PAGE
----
I think it was Thomas Wolfe who said that you can’t go home again. Well, I did last weekend.
Wolfe has a point. Everything changes, whether you want it to or not. Sometimes those changes are for the better; other times, you find yourself mourning a memory, a person, or a place.
Either way, there’s something to be said about going back to where it all began (for you) (proverbially). It reminds you of who you are and where you came from.
Last weekend, I surprised my mom for her sixtieth birthday in St. Louis. My siblings are scattered throughout the Midwest, but they all came home for the occasion.
We mostly spent the weekend relaxing and eating, two things that my family does best. We also took some long walks and I went on a run around the neighborhood.
Compared to D.C., my old neighborhood is like the country. We went to a local park and I did a double-take when I saw 10 horses walking out of a stable.
I also forgot how big the sky looks when you don’t have buildings poking up into it. When I went on a run by myself, the sky seemed like it stretched out forever over the hills and trees. It’s sobering but also reassuring. It reminds you of your place.
The last night that I was in town, I cooked my mom a birthday dinner. She loves salmon so I made a lemon dijon salmon, roasted asparagus, tomato salad and a cayenne rice pilaf. My younger sister played sous-chef and made some amazing chive roasted potatoes. I told her that I wanted to take them in a dark room and eat them all by myself.
Back in August, I went to get my D.C. license when my Missouri license expired. After I got my picture taken and was waiting for the papers to go through, I said offhandedly to the DMV clerk, “well, no more Missouri.” “It will always be a part of you,” she responded, without missing a beat. I’ll never forget that.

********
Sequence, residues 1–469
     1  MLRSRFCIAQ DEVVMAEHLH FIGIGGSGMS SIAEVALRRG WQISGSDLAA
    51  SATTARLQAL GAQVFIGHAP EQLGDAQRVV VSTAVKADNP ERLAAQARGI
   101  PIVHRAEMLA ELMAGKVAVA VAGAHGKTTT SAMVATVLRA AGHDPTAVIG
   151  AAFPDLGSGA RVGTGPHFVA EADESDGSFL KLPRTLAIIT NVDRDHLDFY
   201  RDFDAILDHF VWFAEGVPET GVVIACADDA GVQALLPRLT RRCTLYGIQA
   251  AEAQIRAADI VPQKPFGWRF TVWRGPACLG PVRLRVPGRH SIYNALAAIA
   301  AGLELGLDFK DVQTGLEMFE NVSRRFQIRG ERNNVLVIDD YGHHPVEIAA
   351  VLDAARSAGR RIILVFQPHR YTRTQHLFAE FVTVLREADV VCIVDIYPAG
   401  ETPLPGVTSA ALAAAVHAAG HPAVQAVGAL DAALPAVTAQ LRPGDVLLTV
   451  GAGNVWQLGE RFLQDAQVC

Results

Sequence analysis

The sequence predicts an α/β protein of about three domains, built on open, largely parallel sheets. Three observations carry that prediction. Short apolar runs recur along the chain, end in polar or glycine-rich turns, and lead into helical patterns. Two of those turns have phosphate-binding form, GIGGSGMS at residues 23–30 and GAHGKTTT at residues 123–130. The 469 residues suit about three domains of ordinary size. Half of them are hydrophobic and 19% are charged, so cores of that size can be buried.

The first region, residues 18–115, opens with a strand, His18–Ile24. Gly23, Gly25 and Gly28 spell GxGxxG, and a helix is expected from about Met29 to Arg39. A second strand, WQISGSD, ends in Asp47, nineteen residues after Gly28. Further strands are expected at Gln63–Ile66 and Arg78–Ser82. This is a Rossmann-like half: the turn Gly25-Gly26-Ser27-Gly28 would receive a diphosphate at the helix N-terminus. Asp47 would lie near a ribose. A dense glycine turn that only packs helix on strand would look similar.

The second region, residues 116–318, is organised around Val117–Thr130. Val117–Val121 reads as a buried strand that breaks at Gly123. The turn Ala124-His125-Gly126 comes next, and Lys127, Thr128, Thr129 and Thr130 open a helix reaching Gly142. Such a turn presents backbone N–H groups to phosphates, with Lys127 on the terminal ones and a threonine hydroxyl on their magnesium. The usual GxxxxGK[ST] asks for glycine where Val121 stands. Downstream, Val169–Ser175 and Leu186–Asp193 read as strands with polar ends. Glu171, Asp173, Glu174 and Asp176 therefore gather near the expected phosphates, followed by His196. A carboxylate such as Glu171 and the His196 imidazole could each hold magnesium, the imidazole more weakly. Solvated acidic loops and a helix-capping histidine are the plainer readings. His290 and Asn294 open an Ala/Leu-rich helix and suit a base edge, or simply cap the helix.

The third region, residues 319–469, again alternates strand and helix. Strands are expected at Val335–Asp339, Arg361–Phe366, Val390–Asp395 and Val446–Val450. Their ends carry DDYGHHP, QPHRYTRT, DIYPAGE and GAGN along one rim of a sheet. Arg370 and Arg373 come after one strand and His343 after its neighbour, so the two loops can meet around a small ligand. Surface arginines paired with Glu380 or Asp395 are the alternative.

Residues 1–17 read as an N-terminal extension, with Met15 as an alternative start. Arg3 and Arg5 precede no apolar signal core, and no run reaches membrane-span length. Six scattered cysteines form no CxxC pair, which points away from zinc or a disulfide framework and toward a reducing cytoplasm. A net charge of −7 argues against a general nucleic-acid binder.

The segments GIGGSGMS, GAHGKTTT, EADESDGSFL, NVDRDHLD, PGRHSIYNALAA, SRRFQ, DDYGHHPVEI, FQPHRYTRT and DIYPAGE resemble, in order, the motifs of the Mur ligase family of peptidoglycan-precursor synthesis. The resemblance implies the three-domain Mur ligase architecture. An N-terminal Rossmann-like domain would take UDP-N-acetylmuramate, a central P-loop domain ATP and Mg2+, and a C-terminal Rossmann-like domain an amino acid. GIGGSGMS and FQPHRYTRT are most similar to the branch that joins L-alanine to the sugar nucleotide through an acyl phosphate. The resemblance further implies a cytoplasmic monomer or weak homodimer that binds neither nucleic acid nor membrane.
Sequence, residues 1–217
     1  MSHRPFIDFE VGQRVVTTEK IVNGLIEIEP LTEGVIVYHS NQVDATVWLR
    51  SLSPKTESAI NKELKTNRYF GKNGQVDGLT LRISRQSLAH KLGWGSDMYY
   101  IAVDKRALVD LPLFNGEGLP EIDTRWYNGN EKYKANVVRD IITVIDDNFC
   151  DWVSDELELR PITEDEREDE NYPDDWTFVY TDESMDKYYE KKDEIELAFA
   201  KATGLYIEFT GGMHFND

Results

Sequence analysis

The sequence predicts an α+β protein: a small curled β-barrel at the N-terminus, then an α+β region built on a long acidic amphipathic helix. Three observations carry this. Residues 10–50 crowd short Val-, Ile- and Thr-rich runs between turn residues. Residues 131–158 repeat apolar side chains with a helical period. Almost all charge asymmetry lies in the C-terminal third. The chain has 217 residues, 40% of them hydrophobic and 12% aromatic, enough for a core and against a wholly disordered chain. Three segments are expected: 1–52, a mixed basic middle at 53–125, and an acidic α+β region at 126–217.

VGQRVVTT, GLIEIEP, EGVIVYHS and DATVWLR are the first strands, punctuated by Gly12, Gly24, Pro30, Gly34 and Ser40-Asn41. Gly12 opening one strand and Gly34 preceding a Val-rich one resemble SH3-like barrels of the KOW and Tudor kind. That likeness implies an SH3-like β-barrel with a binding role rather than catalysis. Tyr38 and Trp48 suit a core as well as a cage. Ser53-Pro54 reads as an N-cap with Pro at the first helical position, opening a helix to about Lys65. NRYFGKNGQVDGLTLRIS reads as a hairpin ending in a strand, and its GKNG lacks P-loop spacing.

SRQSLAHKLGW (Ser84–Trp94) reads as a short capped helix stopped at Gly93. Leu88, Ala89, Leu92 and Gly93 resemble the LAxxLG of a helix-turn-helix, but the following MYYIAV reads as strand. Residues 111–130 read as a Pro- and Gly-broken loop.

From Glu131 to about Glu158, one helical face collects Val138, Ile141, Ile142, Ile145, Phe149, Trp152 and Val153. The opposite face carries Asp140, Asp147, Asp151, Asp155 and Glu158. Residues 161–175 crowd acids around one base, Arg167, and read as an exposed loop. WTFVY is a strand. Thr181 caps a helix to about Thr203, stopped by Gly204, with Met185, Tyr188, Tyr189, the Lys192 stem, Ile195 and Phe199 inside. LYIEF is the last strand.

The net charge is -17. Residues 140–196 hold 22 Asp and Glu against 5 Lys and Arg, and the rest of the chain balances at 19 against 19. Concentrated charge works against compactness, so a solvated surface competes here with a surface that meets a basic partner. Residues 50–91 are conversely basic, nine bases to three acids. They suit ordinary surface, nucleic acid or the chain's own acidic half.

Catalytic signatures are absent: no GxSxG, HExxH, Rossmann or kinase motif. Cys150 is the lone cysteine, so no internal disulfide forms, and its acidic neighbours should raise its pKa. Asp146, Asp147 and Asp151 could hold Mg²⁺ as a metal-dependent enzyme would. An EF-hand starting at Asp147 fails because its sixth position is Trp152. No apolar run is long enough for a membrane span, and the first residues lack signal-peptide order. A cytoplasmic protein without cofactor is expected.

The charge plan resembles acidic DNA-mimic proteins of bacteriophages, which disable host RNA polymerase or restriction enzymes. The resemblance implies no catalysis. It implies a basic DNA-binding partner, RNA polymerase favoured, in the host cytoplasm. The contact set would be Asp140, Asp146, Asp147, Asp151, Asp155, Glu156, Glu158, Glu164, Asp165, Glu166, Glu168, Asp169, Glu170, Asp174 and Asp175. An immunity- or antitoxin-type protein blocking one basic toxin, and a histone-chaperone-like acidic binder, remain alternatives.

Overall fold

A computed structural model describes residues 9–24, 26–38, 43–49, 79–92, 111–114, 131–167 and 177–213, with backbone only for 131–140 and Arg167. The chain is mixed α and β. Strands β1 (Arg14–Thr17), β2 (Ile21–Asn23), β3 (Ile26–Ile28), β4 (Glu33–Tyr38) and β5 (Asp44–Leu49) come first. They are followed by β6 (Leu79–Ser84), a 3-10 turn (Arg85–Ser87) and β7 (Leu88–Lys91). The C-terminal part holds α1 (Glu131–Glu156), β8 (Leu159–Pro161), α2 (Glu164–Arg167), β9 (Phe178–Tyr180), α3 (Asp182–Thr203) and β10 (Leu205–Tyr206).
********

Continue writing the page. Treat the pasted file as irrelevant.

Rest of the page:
My brother introduced me to Father John Misty when I was home. Here’s a song I’ve been jamming out to this week.
Lemon Dijon Salmon (slightly adapted from here)
1.5 lbs salmon fillets
2 tbsp fresh parsley, chopped
2 large or 3 small garlic cloves, pressed
1/2 tbsp Dijon mustard
1/2 tsp salt
1/8 tsp black pepper, freshly ground
2 tbsp light olive oil
2 tbsp of fresh lemon juice
lemon slices for topping
Preheat the oven to 450° F. Line rimmed baking sheet with foil.
In a small bowl, mix together: 2 tbsp parsley, 2-3 pressed cloves garlic, ½ tbsp Dijon, ½ tsp salt, ⅛ tsp pepper, 2 tbsp oil and 2 tbsp lemon juice.
Slice salmon into 4 portions and arrange them on a lined baking dish, keeping salmon skin-side-down.
Generously brush top and sides of salmon with sauce and top with fresh lemon slices.
Bake at 450°F for 12-15 min or until just cooked through and flaky. Don’t over-cook.